The government had also decided to limit the flow of information to the public about the reactors, having concluded that too many briefings would distract Tepco from its task of bringing the reactors under control, said a senior nuclear industry executive.
At a Tepco briefing on Wednesday, tempers ran high among reporters. Their questions focused on the plumes of steam seen rising from Daiichi's Reactor No. 3, but there were few answers.
"We cannot confirm," an official insisted. "It is impossible for me to say anything at this point," another said. And as always, there was an effusive apology: "We are so sorry for causing you bother."
The close links between politicians and business executives have further complicated the management of the nuclear crisis.
Powerful bureaucrats retire to better-paid jobs in the very industries they once oversaw, in a practice known as amakudari. Perhaps no sector had closer relations with regulators than the country's utilities; regulators and the regulated worked hand in hand to promote nuclear energy, since both were keen to reduce Japan's heavy reliance on fossil fuels.
Post-war Japan flourished under a system in which political leaders left much of the nation's foreign policy to the United States and domestic affairs to powerful bureaucrats. Prominent companies operated with an extensive reach into personal lives; their executives were admired for their roles as corporate citizens.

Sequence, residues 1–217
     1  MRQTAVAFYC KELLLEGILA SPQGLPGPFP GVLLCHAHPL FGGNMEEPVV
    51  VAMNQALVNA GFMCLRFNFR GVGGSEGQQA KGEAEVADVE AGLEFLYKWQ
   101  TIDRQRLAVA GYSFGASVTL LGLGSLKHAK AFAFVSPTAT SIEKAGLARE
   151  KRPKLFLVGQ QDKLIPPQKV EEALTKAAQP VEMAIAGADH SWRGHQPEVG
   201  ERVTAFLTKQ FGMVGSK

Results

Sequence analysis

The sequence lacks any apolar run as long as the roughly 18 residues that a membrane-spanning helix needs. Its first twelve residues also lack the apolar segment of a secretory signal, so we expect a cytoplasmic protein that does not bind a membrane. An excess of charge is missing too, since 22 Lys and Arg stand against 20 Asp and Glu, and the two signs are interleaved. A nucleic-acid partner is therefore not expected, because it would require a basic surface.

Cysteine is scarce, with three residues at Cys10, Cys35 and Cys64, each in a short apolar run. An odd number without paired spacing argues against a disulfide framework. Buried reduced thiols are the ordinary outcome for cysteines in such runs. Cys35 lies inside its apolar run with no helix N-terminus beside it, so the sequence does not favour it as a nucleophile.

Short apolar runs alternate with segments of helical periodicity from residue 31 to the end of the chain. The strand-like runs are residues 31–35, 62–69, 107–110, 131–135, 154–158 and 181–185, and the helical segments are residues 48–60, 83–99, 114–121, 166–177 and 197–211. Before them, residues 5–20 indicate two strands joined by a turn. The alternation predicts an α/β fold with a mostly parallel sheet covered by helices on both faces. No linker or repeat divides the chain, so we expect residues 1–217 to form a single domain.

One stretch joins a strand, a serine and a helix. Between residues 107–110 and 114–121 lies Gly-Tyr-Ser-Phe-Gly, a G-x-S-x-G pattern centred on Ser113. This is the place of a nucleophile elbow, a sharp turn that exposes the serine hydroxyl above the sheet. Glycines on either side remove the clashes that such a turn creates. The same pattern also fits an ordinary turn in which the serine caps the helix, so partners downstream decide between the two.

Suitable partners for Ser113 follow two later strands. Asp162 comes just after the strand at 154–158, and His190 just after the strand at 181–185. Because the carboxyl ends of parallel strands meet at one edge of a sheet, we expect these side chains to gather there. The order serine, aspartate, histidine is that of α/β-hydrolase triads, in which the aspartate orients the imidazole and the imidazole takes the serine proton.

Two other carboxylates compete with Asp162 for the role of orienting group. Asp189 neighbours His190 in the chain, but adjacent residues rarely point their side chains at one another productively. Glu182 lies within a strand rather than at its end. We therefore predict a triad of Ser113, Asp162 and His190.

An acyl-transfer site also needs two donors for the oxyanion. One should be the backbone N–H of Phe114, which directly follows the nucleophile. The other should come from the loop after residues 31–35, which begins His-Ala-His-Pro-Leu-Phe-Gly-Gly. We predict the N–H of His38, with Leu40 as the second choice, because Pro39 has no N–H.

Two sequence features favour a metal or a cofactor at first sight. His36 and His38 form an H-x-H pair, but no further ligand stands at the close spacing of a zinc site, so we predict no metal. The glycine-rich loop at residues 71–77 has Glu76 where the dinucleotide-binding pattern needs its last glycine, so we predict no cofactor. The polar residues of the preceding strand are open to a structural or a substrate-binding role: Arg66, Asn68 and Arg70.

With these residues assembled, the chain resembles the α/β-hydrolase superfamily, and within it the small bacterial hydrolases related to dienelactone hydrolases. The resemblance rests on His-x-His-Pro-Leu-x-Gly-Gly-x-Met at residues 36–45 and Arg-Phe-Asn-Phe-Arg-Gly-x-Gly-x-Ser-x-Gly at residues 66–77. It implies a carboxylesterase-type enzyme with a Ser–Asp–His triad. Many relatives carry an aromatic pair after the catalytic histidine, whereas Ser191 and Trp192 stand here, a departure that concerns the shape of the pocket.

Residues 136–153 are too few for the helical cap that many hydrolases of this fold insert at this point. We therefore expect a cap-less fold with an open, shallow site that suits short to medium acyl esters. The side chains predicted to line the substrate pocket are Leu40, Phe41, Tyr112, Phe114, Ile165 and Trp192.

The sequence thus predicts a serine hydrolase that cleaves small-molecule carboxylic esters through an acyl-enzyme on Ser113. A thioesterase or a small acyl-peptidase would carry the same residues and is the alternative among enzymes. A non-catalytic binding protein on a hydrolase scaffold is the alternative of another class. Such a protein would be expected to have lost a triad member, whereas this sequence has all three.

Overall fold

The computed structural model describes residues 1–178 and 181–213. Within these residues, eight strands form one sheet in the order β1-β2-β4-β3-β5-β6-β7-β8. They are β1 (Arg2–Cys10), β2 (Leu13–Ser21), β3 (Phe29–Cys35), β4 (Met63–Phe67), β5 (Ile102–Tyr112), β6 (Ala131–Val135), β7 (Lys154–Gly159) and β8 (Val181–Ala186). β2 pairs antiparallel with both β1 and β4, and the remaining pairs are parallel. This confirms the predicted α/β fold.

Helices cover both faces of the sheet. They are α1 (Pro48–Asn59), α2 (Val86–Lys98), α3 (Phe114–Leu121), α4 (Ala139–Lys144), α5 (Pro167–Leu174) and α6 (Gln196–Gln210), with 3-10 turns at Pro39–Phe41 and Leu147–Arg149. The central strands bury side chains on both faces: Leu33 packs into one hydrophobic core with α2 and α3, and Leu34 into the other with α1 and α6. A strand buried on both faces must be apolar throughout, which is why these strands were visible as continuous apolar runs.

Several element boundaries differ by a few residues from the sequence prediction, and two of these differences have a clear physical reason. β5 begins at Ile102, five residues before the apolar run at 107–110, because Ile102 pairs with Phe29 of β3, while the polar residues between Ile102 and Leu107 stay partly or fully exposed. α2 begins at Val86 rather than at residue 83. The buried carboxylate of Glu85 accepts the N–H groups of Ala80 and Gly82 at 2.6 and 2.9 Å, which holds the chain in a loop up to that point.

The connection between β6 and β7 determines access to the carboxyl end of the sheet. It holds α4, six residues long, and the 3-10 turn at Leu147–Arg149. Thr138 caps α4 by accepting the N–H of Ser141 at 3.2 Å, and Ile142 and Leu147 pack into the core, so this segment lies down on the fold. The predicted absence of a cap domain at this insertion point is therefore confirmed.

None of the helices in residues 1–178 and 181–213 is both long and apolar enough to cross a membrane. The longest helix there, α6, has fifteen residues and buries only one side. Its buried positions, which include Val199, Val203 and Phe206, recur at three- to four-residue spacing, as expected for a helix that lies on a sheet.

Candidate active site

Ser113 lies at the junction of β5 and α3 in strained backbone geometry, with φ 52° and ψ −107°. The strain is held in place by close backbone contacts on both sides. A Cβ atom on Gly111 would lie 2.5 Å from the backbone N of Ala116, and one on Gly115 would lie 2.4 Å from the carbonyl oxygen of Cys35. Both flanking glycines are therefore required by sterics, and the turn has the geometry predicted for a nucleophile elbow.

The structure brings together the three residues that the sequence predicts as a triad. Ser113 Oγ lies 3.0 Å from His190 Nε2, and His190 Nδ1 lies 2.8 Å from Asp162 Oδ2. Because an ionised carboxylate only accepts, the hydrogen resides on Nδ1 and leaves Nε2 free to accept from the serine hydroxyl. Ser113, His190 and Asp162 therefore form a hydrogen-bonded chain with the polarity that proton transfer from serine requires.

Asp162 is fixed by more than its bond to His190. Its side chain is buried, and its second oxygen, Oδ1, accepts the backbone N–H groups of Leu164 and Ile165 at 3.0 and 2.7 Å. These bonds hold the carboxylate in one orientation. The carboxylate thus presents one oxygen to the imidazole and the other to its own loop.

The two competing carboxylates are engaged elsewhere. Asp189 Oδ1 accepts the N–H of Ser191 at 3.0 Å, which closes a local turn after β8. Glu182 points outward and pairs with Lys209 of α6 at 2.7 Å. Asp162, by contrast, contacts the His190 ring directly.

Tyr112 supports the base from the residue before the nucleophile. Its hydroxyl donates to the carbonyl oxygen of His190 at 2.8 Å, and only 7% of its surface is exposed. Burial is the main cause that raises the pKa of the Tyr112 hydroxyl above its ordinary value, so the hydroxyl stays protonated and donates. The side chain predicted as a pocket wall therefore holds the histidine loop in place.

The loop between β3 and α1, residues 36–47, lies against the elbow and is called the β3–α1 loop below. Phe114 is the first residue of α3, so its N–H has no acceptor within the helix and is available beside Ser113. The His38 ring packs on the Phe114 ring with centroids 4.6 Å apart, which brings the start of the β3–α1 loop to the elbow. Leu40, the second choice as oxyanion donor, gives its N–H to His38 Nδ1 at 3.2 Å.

But over the past decade or so, the bureaucrats' authority has been greatly reduced, and corporations have lost both power and swagger as the economy floundered.
Yet no strong political class has emerged to take their place. Four prime ministers have come and gone in less than four years; most political analysts had already written off the fifth, Kan, even before the earthquake, tsunami and nuclear disaster.
Two years ago, Kan's Japan Democratic Party swept out the virtual one-party rule of the Liberal Democratic Party, which had dominated Japanese political life for 50 years.
But the lack of continuity and inexperience in governing have hobbled Kan's party. The only long-serving group within the government is the bureaucracy, which has been, at a minimum, mistrustful of the party.
"It's not in their DNA to work with anybody other than the Liberal Democrats," said Noriko Hama, an economist at Doshisha University.
Neither Kan nor the bureaucracy has had a hand in planning the rolling residential blackouts in the Tokyo region; the responsibility has been left to Tepco. Unlike the orderly blackouts in the 1970s, the current ones have been carried out with little warning, heightening the public's anxiety and highlighting the lack of a trusted leader capable of sharing information about the scope of the disaster and the potential threats to people's well-being.
"The mistrust of the government and Tepco was already there before the crisis, and people are even angrier now because of the inaccurate information they're getting," said Susumu Hirakawa, a professor of psychology at Taisho University.
But the absence of a galvanising voice is also the result of the longstanding rivalries between bureaucrats and politicians, and between various ministries that tend to operate as fiefdoms.
"There's a clear lack of command authority in the current government in Tokyo," said Ronald Morse, who has worked in the defence, energy and state departments in the US and in two government ministries in Japan. "The magnitude of it becomes obvious at a time like this."